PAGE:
Motivation and Language Acquisition

  The result of globalization has heightened the need to learn additional language(s) and has resulted in an increasing number of foreign language programs launching in public and private schools around the world. As we witness more students acquiring a second or a third language, we might want to better understand the relationship between motivation and language learning. What motivates our learners to learn additional language(s)? Let’s check out what we have found in our survey ( after collecting the results from 20 respondents, and explore more into the topic of motivation and language acquisition. What is Motivation? Why is Motivation Important? Motivation drives action. In the field of SLA (Second Language Acquisition), it refers to “The desire to initiate second language (L2) learning and the effort employed to sustain it” (Ortega, 2009, p. 178). Since learning is influenced by various factors, the effect of motivation on learning and achievement is rather indirect.  As is demonstrated in the chart below, motivation could arouse certain learning behaviors that affect learning outcomes and achievements. Teachers or parents often impact learning outcomes by monitoring students’ learning behaviors, setting classroom routines to increasing students’ engagement, requiring students to finish homework on time, etc. However, parents, teachers, or peers can also amplify or reduce the effect of motivation, thus influencing the outcome(s) of learning. What We Found in Our Survey
  • Motivation is key to language acquisition
We collected responses from people around the world, including teachers, administrators, and language learners. In response to the question of motivation in language acquisition, all of our respondents believe that motivation is important in language learning. Some believe that motivation is more important to adults than to young learners.
  • Personal interest motivates learning
Motivation to learn another language varies from person to person. As you can see in the chart below, personal interests and understanding another culture are why most respondents desire to learn another language. In other words, people learn another language for personal reasons and purposes. On the other hand, our data shows 82% of language instructors, parents, and school administrators want their students/children to be globally prepared and gain 21st century skills. Under the background of globalization, learning a second language and/or multiple languages help learners gain access to another culture and “a passport to the world,” as described from one of our respondents.
  • Learning another language: the earlier, the better?
Another interesting issue is age and language acquisition. In response to the question “when is the best time to start learning another language”, 47% of our respondents chose “Pre-K” and 35% chose “There is no best time”. It seems that age does matter in language acquisition. You can start learning another language whenever you like, but your performance might differ depending on your age. According to ACTFL Performance Descriptors for Language Learners, if you start learning another language in kindergarten, in cases where the language learning is consistent, there is a potential to reach advanced levels in the target language. However, if learning begins in ninth or tenth grade,  the average learner may be limited to reaching a novice high level in the target language. On the other hand, there are also controversies in the field of SLA regarding the Critical Period Hypothesis, and more research is needed to verify the connection between age and language acquisition.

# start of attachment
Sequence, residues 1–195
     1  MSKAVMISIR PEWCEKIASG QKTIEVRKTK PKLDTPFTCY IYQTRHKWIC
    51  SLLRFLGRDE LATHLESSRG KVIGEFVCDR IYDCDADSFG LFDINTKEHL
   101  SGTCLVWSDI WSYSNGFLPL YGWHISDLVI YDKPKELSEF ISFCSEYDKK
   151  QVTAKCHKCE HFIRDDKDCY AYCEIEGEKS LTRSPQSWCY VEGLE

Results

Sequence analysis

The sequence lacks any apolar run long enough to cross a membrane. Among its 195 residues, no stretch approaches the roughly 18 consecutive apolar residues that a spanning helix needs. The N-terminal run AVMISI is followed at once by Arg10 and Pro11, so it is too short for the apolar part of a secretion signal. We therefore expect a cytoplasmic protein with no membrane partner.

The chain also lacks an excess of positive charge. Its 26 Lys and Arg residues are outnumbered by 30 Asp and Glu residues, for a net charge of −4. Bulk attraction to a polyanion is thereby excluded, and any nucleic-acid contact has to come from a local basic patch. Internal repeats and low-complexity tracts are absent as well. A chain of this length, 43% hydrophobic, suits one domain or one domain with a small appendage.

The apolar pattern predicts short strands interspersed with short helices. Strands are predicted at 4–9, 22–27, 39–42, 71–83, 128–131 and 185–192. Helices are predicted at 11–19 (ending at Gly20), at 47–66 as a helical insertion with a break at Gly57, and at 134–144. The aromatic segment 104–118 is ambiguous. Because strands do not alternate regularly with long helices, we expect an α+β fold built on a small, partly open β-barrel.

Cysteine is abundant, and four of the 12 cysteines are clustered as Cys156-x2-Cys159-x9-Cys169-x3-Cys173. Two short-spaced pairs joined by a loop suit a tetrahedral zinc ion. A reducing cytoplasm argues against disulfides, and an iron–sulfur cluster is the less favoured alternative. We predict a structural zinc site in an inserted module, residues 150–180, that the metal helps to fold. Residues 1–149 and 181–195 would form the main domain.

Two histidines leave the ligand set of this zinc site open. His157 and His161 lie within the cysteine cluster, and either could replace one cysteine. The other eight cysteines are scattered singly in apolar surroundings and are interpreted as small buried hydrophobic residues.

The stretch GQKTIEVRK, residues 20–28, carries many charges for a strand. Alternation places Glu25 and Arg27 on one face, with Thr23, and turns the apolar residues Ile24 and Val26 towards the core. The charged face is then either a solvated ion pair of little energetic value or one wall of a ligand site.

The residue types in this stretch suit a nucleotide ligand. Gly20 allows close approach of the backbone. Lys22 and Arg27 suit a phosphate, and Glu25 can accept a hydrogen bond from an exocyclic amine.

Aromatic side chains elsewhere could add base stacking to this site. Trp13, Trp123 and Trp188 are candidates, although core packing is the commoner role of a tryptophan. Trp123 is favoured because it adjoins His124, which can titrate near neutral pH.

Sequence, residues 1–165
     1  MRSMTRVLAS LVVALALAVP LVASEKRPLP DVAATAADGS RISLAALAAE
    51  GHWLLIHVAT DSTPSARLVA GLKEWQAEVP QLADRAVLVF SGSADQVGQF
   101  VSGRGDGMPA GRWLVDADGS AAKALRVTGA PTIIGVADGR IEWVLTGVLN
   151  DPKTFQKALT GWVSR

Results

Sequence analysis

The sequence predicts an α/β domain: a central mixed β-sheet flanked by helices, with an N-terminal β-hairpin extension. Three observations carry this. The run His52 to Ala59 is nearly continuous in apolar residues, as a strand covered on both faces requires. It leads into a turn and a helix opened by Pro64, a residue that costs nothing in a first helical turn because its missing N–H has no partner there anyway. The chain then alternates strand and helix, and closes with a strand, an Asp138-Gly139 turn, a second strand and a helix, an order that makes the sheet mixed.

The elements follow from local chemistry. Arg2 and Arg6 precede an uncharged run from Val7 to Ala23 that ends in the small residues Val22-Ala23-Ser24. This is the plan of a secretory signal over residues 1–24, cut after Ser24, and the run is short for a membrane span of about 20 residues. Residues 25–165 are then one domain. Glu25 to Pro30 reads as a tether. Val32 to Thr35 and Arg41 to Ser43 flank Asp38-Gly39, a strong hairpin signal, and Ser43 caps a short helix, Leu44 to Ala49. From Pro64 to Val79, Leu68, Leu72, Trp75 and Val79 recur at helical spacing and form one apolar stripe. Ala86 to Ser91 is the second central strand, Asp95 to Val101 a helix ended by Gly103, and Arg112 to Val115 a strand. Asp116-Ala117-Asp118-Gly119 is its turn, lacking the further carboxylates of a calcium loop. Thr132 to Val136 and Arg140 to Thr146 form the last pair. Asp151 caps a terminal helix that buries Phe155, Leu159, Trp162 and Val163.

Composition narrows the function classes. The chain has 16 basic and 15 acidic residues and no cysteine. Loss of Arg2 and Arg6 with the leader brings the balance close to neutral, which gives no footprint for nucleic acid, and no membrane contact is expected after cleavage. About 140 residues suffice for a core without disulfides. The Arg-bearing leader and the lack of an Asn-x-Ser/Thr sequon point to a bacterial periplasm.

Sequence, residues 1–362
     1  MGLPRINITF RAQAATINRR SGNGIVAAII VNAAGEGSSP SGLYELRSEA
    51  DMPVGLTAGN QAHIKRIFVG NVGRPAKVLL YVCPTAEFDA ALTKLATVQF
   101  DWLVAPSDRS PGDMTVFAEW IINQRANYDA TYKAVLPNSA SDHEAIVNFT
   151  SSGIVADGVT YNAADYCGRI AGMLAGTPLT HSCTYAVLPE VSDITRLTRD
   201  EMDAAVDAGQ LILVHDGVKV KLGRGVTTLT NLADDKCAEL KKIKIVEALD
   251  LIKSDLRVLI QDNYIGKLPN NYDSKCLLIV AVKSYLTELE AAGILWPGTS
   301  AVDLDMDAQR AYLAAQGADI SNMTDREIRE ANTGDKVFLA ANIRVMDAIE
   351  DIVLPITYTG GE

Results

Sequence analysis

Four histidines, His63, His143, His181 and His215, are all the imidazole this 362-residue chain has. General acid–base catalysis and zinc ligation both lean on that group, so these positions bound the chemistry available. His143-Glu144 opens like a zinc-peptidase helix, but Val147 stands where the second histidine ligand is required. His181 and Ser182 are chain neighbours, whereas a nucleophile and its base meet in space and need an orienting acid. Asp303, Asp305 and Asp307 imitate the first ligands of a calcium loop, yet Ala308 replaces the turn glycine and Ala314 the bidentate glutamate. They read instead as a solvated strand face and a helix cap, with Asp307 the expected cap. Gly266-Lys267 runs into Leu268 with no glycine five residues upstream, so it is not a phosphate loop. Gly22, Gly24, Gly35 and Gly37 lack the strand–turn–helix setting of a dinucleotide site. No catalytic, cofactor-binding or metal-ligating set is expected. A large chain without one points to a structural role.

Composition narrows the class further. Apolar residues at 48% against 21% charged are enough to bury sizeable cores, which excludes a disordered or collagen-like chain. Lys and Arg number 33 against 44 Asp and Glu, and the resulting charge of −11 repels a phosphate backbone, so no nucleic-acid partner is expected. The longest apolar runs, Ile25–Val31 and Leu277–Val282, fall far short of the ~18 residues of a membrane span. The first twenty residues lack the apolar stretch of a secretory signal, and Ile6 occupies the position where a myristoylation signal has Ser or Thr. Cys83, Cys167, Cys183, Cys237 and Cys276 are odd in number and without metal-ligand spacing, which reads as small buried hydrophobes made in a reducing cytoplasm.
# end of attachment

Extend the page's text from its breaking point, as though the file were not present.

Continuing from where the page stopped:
• Context for practice is crucial to develop native-like proficiency
According to the language acquisition survey conducted, a common challenge for language learning is insufficient "context for practice". Most of our respondents are language teachers with more than three years of experiences, and they believe that “context for practice” is crucial in the development of native-like proficiency. In addition, length of exposure and effective instruction are also important factors in developing native-like proficiency of the target language. As teachers, how do we motivate our students? Some respondents reported that it was difficult to remain motivated outside the language classroom and learn independently. As language instructors, how do we motivate our students? The following are some useful tips from our respondents.
"I motivate my students to learn through a variety of ways to keep their interests peaked. The best way i have found so far is through stories. Children, teens and even adults love to listen to stories so that's where I start. Later, they will be able to slowly tell their own stories and eventually become fluent in the language. Music/songs is also very important. Chanting/poetry gives the listener also a chance to absorb the language. Drawing/artworks are also an important element to bring into any language learning. I think we look at language learning too logically and not enough artistically. Eg. we break down sentences, we analyze, we study grammar etc... But in general, language is an art ~ to be listened to , appreciated , and to be shared in a beautiful way without grading the experience with a percentage. which actually "degrades" the experience (haha). So, language acquisition for me is best done through the arts." - Survey Respondent
Apart from what we have reported above, how do you keep yourself motivated while learning another language? How do you motivate your students? Do you find the results of our survey interesting? Tell us more by leaving a comment!   Reference Ortega, L. (2009). Understanding Second Language Acquisition. London: Hodder Education.  


Write a comment

Comments are moderated